Whether you envision a relaxing day of bird-watching or an adrenaline-pumping mountain-climbing adventure, hiking is an excellent form of cardiovascular exercise. But many people find that they can't enjoy the scenery because they're too busy gasping for breath as they hike uphill or climb boulders. If you're having trouble breathing while hiking, consult your doctor first and then begin practicing healthy breathing techniques.
Importance of Breathing
Everyone knows that you have to breathe to stay alive, but it's easy to forget that the rate and depth of your breaths can also affect your health and make the difference between an easy climb and a tedious one. During physical activity, your heart pumps faster to deliver oxygen and blood to your muscles. If you're not getting enough oxygen, your muscles can't work as efficiently and you might feel tired, experience muscle cramps or even get dizzy. Particularly if you're hiking at high altitudes, proper breathing can make the difference between a leisurely hike and a dangerous trek.
Exercise physiologists often debate whether nose or mouth breathing is best, and each offers benefits. Breathing in through your nose allows you to filter out bugs and other particles in the air, but is slightly less efficient than breathing through your mouth. If you have breathing problems such as allergies or asthma, breathe through your mouth and out through your nose. If you breathe through your nose, exhale through your mouth. Focus on taking slow, even, rhythmic breaths. Your respiration rate will increase as the strenuousness of your hike does. If you find that you're gasping or feel that you can't get enough oxygen, it's time to slow down. One of the simplest ways to keep a regular rhythm to your breathing is to synchronize your breathing and your steps. As you step forward with your right foot, take a deep breath in and then step forward with your left foot. Exhale when you take another step with your right foot.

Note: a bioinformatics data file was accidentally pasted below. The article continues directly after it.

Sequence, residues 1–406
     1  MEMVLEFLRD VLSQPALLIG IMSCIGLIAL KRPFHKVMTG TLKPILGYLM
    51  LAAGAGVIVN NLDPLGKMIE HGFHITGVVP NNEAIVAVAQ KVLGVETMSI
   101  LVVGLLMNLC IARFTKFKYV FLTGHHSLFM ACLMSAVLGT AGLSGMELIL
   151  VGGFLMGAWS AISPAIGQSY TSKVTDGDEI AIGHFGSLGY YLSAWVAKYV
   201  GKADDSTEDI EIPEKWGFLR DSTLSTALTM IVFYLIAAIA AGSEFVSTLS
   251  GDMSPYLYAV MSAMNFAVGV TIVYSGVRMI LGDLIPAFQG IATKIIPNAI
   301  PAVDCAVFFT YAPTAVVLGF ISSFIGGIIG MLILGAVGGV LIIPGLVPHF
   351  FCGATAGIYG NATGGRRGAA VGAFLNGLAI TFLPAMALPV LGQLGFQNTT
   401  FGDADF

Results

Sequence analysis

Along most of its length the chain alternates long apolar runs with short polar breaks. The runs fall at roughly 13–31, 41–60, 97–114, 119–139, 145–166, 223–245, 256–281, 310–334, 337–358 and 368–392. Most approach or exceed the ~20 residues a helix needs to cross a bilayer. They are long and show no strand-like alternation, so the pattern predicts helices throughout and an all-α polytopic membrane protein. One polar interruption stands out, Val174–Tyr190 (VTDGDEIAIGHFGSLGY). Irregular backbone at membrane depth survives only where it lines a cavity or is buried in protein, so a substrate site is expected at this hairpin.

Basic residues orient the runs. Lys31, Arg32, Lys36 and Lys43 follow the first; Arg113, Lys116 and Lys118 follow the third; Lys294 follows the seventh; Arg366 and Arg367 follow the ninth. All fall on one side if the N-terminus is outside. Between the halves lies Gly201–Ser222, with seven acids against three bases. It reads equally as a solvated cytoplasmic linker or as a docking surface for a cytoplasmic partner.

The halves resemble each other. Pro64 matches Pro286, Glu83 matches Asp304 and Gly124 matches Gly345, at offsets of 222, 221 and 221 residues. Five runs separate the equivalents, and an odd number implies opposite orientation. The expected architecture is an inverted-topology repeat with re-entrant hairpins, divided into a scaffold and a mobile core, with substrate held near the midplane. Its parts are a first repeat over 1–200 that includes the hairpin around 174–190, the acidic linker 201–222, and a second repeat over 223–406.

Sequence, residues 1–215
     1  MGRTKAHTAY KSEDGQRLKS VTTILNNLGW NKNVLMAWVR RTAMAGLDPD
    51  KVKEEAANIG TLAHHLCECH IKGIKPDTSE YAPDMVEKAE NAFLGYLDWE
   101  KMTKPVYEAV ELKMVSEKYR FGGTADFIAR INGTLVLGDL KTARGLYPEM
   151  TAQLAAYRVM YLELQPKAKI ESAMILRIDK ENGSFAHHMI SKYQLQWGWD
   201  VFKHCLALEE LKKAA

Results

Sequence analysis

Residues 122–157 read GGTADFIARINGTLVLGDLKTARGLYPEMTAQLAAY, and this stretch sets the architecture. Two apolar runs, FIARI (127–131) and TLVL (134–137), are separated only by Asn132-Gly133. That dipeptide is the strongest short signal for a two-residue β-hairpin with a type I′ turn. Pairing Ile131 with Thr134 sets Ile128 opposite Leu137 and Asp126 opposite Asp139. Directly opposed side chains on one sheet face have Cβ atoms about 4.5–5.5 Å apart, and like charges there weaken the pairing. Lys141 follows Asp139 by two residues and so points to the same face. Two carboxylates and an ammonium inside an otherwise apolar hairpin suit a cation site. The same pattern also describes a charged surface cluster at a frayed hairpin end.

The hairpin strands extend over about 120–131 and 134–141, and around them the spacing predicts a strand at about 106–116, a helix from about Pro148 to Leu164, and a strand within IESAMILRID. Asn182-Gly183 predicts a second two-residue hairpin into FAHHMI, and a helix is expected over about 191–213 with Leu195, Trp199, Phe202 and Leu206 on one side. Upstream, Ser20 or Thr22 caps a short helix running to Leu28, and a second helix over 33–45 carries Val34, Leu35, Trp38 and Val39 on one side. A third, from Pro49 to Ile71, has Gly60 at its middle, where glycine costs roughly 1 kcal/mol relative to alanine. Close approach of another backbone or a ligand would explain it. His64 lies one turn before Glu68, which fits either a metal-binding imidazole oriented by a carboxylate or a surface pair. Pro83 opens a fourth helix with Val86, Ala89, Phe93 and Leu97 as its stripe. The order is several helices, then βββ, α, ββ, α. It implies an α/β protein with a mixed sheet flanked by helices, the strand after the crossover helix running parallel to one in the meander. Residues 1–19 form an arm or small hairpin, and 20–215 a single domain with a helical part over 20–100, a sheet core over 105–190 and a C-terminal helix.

Higher altitudes limit the accessibility of oxygen, and many high altitude hikers develop altitude sickness. This can lower your ability to make good decisions and think intelligently, and can cause a variety of physical symptoms. Extreme altitude sickness can be fatal if you don't get medical care. If you're planning to hike at high altitudes, make your ascent gradually to give your body time to adjust. Slow your hiking pace and focus on taking deep, slow breaths, then blowing out forcefully. This can help you expel slightly more carbon dioxide, giving you better access to oxygen,
Other Breathing Tips
Some people sit down immediately after a strenuous hike, but this can actually elevate your heart rate and make it more difficult to catch your breath. Instead, cool down by taking a slow walk, stretching or standing for a few minutes. Drinking plenty of water will also help you more effectively regulate your breathing; dehydration can cause your heart rate to increase, which can interfere with your breathing.
- The Backpacker's Field Manual; Rick Curtis
- Princeton University: Outdoor Action Guide to High Altitude; Acclimatization and Illness
- Body Results: Ten Non-Medicated Ways to Cope with Altitude
- Backpacker: Mind Over Mileage: Breathing Techniques for Hiking
- Appalachian Mountain Club: Lung Lessons
- MayoClinic.com: Dehydration
Van Thompson is an attorney and writer. A former martial arts instructor, he holds bachelor's degrees in music and computer science from Westchester University, and a juris doctor from Georgia State University. He is the recipient of numerous writing awards, including a 2009 CALI Legal Writing Award.